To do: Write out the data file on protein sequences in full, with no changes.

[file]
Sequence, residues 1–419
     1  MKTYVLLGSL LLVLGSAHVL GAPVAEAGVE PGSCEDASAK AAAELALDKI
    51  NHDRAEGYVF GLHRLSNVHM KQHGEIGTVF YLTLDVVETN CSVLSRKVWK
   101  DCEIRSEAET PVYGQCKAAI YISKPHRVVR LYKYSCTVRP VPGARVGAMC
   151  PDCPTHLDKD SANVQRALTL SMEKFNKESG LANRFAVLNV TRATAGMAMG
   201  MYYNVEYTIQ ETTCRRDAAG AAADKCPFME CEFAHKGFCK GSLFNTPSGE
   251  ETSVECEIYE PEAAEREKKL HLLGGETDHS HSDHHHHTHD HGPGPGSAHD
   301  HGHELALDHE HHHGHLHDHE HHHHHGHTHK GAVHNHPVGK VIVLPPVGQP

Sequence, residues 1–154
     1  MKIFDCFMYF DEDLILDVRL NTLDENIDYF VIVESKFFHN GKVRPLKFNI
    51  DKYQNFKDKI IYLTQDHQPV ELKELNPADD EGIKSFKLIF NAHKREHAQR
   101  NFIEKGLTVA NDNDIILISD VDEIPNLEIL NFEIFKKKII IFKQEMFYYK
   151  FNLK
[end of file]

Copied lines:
Sequence, residues 1–419
     1  MKTYVLLGSL LLVLGSAHVL GAPVAEAGVE PGSCEDASAK AAAELALDKI
    51  NHDRAEGYVF GLHRLSNVHM KQHGEIGTVF YLTLDVVETN CSVLSRKVWK
   101  DCEIRSEAET PVYGQCKAAI YISKPHRVVR LYKYSCTVRP VPGARVGAMC
   151  PDCPTHLDKD SANVQRALTL SMEKFNKESG LANRFAVLNV TRATAGMAMG
   201  MYYNVEYTIQ ETTCRRDAAG AAADKCPFME CEFAHKGFCK GSLFNTPSGE
   251  ETSVECEIYE PEAAEREKKL HLLGGETDHS HSDHHHHTHD HGPGPGSAHD
   301  HGHELALDHE HHHGHLHDHE HHHHHGHTHK GAVHNHPVGK VIVLPPVGQP

Sequence, residues 1–154
     1  MKIFDCFMYF DEDLILDVRL NTLDENIDYF VIVESKFFHN GKVRPLKFNI
    51  DKYQNFKDKI IYLTQDHQPV ELKELNPADD EGIKSFKLIF NAHKREHAQR
   101  NFIEKGLTVA NDNDIILISD VDEIPNLEIL NFEIFKKKII IFKQEMFYYK
   151  FNLK